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Editor's note: A FOX News special presentation — Purpose Driven Life: Can Rick Warren Change the World, will air this Sunday at 8 p.m. and 11 p.m. ET.

Every generation produces a handful of people who do more than come up with a good idea — they revolutionize the way we look at things and inspire others to change the way the world works. Pastor Rick Warren is one of those people.

While Pastor Rick could probably walk down the street without being recognized as anything other than a big, affable tourist in a Hawaiian shirt, there are two recognizable elements in his life that immediately connect with millions of folks around the world. The first is his book, “The Purpose Driven Life,” which has sold at least 26 million copies, and was used most famously by an Atlanta woman to help talk down a murderous kidnapper. The book has transformed the lives of millions — from average folks to presidents of countries, both of whom are represented in our special.

Then there’s Pastor Rick’s church, Saddleback, a 20,000-member “mega-church” that developed along a decentralized business model and was singled out as a model of excellence by management guru Peter Drucker. What makes Saddleback more celebrated than its beautiful campus in the foothills of California, however, is the network of churches that has developed from it. Pastor Rick saw up close that networks of communities united around a single purpose could do so much more than the same number of individuals working by themselves. He applied this simple lesson to whole communities of Christians.

• Listen to Rick Warren describe his ambitious plan, and tell us whether YOU think it could work

Saddleback’s role in this network is to provide individuals and churches with the resources they need to accomplish their various missions (whether helping Hurricane Katrina victims or entire countries, like Rwanda). When a particular crisis or mission energizes this network, Saddleback becomes the core resource center that feeds the other missions. Should missionaries need technical training, help in learning foreign languages, or even help streamlining the process of getting visas, they go to the experts at Saddleback.

But while Saddleback plays a lead role in identifying a mission and providing the resources missionaries need, Rick has decentralized Saddleback’s authority, lest it become a top-heavy organization in which there’s no innovation. We’ve all worked for control freaks, who insist on running every little detail. These places aren’t fun to work at, and they usually implode because the leader either turns into a dictator that drives workers away, or the place becomes hopelessly inefficient, or both. Rick is intent on making sure that doesn’t happen with Saddleback. He wants to allow various missions the freedom and flexibility they need to organize the projects as they see fit in the field.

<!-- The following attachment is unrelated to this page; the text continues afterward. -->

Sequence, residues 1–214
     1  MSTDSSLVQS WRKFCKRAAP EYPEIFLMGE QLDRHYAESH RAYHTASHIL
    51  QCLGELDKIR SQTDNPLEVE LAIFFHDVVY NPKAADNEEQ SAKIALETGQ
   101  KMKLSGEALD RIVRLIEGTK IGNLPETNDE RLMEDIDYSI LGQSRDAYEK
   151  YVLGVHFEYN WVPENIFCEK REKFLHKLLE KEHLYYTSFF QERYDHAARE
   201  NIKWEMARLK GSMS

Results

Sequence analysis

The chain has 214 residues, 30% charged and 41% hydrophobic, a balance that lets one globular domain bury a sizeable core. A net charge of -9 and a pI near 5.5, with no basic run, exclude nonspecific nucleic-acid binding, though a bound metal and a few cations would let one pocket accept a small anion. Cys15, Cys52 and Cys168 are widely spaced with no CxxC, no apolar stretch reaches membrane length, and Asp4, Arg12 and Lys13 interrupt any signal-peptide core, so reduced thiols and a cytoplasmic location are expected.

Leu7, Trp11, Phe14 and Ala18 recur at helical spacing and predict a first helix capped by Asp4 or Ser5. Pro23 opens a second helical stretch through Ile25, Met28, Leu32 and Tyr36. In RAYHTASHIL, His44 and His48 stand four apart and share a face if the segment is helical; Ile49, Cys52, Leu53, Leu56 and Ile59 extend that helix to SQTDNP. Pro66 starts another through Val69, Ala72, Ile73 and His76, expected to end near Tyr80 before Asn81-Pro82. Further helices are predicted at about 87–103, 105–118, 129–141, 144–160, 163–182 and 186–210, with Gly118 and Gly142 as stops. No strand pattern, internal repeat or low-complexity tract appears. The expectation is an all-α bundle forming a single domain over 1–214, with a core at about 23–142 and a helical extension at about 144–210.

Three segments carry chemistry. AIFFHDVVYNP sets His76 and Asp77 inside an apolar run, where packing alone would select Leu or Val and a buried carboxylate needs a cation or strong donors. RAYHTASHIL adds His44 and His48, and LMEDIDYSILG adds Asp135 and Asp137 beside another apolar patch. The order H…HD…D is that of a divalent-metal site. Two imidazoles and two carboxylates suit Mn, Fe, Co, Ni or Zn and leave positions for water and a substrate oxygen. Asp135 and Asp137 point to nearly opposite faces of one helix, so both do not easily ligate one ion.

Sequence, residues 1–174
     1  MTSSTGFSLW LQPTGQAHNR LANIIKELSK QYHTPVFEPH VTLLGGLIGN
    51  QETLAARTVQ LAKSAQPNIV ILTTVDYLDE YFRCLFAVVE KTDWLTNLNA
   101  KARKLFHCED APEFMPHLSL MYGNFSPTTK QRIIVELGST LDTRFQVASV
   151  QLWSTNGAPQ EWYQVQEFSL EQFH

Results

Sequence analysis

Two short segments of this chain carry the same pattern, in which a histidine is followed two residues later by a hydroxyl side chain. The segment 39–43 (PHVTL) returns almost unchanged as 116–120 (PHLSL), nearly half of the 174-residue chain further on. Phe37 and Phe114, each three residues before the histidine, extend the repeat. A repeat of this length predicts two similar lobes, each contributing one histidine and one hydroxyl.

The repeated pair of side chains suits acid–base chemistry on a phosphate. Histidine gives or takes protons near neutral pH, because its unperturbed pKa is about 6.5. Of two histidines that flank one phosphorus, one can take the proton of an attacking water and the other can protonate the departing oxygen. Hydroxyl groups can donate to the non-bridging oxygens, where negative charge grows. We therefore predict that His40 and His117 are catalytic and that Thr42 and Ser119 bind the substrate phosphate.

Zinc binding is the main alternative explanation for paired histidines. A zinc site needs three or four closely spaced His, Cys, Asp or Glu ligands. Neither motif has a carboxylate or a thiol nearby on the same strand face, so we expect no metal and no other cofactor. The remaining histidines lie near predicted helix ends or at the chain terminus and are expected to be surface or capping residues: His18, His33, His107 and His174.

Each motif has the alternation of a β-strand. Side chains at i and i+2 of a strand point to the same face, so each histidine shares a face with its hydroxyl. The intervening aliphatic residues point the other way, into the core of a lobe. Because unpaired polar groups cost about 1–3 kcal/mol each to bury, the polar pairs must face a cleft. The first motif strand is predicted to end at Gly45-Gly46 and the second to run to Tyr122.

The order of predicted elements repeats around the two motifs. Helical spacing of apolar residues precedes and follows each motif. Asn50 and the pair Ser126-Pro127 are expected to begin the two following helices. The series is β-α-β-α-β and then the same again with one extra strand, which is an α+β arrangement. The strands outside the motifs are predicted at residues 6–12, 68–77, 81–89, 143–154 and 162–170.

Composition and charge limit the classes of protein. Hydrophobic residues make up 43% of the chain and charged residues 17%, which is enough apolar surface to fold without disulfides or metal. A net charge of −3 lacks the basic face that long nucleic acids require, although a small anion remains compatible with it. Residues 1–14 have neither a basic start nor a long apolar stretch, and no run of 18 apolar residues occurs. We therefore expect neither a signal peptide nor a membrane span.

This all goes far beyond changing the approach churches make in dolling out charity and pitching in to help a needy community or country. It could revolutionize the way in which aid is distributed throughout the world. So many charity organizations and international organizations like the U.N. are top-heavy groups, in which the central authority often requires enormous resources of their own that suck the life and resources from the folks on the ground. These huge organizations become greedy middlemen between the resources and the folks dolling it out.

What Rick Warren proposes is eliminating the middleman entirely. Getting money and human resources away from the administrators and bureaucrats and passing them directly to the one institution that communities trust more than any other: local places of worship. Such a direct method of distribution would save enormous resources. It would also make people on the ground more accountable for what goes on.

So far, Pastor Rick has at least one model country to hold up as an example of his decentralized approach to foreign aid: Rwanda. Its president, Paul Kagame, liked Rick’s book so much that he asked Rick to come to Rwanda and turn it into a “purpose driven nation.” FOX News went to Rwanda to see what’s really happening. We talked to Rwanda’s president to see how Rick’s inspiring message actually works out on the ground. What we found was a mixed bag — nothing ever works as planned, and that’s certainly true here. But FOX News’ view into a revolutionary way to help poor countries become as rich as they deserve, is something that everyone who’s interested in Rick or his mission will want to see.

The problem with objectively reporting on an inspiring figure like Rick Warren is avoiding being drawn into his adoring crowd. It’s tough, because there is so much about Rick Warren to admire: his frankness, genuine humility, and ability to maintain rock-solid values without acting preachy or judgmental. But Rick’s a human being. He’s as prone to the temptations of fame as anyone. As we got to know each other and became friendly, I realized that the toughest part of my assignment would be to avoid flattery and get right to the heart of the temptations that dog any celebrity these days — particularly one who claims to be inspired by God. I hope I succeeded, and I hope you’ll all tune in to find out.

David Asman joined FOX News Channel (FNC) in 1997 and currently serves as host of "Forbes on FOX," a weekend half-hour program that offers an informative look at the business week (Saturday from 11:00-11:30 AM/ET). Asman is also an anchor on FOX Business Network, where he co-hosts "After the Bell" (4-5 PM/ET) with anchor Melissa Francis.